Borderline Obsessive

It seems to be my destiny to be obsessed with borderlines, both geographical as well as psychological.

I was raised in Argenteuil County, Quebec, on the border of Ontario´s Prescott-Russell County.

Most Canadians live within 100 km of the US border, because the land north of this tends to be unarable (i.e. can´t be farmed as the ground is more stone than earth), so popping over the border to shop less expensively is almost a rite of passage for Canadians.

The US-Canada border remains the world´s longest “undefended” border, though one can notice quite quickly a vast psychological difference between customs officials working the border posts.

I have visited and lived in countries where borders, past or present, have had a great effect on the psyche of those nations.

Witness the impact of the Berlin Wall on Germany, or the Green Line in Cyprus, or the military zone separating the two Koreas.

I will never forget taking a tunnel tour on the Korean border where one comes to a narrow, neon-bright section to see a South Korean soldier standing with his back to the border.

Less than 50 metres behind him, his back also to the border but facing the opposite direction, a North Korean soldier stands guard.

50 metres apart, both speak the exact same language, but should they speak with one another they will be shot to death for treason.

I have lived in Freiburg im Breisgau, Germany, close to the French border; in Lörrach, Germany, close to the Swiss border; Osnabrück, Germany, close to the Dutch border; and Landschlacht, Switzerland, close to the German border.

And always these bordering countries acted like irresistable magnets on my soul.

I have spent many a happy day exploring Alsace, Basel, the Netherlands and Konstanz.

Perhaps my brain is directly wired to the mentality of “the grass is always greener on the other side”.

On Tuesday, I exercised this borderline compulsion to full effect as the commencement of my Four Points Switzerland project.

As previously written in this blog, I want to explore Switzerland slowly on foot to discover the land both geographically as well as socially.

The project, constantly a work in progress in both its planning as well as implementation, will have me walk from one extreme geographical point of Switzerland to the three others – the northernmost to the southernmost, etc.

The northernmost point of the Swiss compass is Oberbargen´s Grenzstein (border stone marker) at 47 degrees, 48 minutes, 25 seconds.

From this exact point, it is possible to follow the Swiss National Trail, Via Gottardo, all the way to the southernmost point, Pedrinate, Chiasso, Ticino, on the Italian border, a distance of 330 km or 20 days of walking.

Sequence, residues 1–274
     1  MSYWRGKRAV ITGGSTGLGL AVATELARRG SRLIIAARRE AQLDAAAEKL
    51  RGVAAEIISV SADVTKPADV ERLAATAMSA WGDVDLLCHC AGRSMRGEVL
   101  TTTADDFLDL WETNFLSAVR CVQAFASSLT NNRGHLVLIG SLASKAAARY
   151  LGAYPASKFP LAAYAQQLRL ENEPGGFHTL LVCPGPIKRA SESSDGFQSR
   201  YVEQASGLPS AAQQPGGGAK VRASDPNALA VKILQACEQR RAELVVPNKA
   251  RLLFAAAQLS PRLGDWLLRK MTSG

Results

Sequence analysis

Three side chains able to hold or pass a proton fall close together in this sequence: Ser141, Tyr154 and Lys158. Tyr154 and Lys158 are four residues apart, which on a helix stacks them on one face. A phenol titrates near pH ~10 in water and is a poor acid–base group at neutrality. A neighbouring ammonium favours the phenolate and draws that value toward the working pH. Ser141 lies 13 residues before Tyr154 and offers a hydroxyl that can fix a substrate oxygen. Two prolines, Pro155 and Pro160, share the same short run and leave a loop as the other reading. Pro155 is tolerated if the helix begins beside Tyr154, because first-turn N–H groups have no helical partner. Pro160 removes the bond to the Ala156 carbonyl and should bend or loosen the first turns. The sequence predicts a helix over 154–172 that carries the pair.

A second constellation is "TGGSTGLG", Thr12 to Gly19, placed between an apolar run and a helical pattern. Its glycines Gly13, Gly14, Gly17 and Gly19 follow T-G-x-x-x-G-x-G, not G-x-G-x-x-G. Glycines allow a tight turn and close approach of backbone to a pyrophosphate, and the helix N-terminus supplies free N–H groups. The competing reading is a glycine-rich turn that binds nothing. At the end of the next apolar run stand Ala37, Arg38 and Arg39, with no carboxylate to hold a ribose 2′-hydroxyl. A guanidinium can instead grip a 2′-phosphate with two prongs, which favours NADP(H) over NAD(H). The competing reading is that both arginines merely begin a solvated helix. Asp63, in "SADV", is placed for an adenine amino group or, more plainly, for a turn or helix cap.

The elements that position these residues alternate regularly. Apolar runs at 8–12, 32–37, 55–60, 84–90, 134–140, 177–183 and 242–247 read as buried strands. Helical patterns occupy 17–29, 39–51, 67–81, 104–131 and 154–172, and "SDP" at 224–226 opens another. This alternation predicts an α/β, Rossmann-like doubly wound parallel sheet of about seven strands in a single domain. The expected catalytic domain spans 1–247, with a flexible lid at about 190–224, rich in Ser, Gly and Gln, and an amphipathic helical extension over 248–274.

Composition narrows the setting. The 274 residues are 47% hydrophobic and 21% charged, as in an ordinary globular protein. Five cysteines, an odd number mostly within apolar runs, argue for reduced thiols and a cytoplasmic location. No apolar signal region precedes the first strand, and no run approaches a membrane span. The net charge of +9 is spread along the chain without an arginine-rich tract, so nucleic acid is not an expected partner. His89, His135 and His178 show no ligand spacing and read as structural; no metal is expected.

The border between the modern states of Germany and Switzerland extends to 362 km, mostly following the High Rhine River between Lake Constance (Bodensee) and Basel. The Oberbargen Grenzstein stands on the border of the canton of Schaffhausen and the state of Baden-Wurttemburg.

To begin this great project I took a train from Landschlacht to Schaffhausen, Schaffhausen canton capital.

(Of the 26 Swiss cantons, 14 canton names are also the canton capital city names.)

Women, of all ages, fashion types and sizes, dominate Schaffhausen streets in the morning.

Only unemployed or ancient men occasionally make an appearance.

Red helmeted young and fit construction workers unloaded large wooden crates full of metal parts as I dined happily on coffee, orange juice, croissants, nut bread, eggs and fruit.

As Oscar Wilde famously quipped: “I love work. I could watch it all day!”

Tuesday is Market Day in Schaffhausen along Vordergasse.

One stall in particular made me smile with its “Make tea not war.” T-shirts.

A stationery shop´s card rack elicits another grin with a card reading “Shock your parents. Read a book.”.

Bus 23 north to Bargen and the end of the road as public transport goes.

To the border is now all on foot, a 3 km uphill climb to the border and the magic of the Tannbüel Nature Preserve.

Imagine a pine forest interspersed with all sorts of orchids: bright yellow lady-slipper, pink helmut, wild fox, just to name a few of the colourful flora unique to this spot.

Picture a path made of woodchips, and guarded with red and white plastic border tape one might find on a construction site or a crime scene, wending its way through the shadowy forest.

Feel my disappointment in learning that orchid season is a short three-week period in May and long gone by mid-June.

Well, the path did feel nice underfoot but the restrictive trilingual (French/German/Italian) warning tape distracted me from a natural enjoyment of the forest.

Still the path did provoke my imagination and memory…

Don´t stray off the path or you´ll change history.
(“A Sound of Thunder”, a Ray Bradbury sci-fi short story about the Butterfly Effect – kill a butterfly in the past and affect/infect the future.)

Follow the yellow brick road.
(The Wizard of Oz by Frank L. Baum)

Good-bye, yellow brick road.
(Great song by Elton John)

We´re on a road to nowhere.
(Another great song by Talking Heads)

And the fir trees evoke memories of the Second World War…
(Operation Tannenbaum (fir tree or Xmas tree) was the 1940 German plan (never implemented) to invade Switzerland.)

Via Gottardo dances back and forth across the Swiss – German border.

White stone markers delineate each time the border is crossed and recrossed.

I reached the northernmost point of Switzerland at 1415 hours on Tuesday 23 June 2015.

The adventure has begun…

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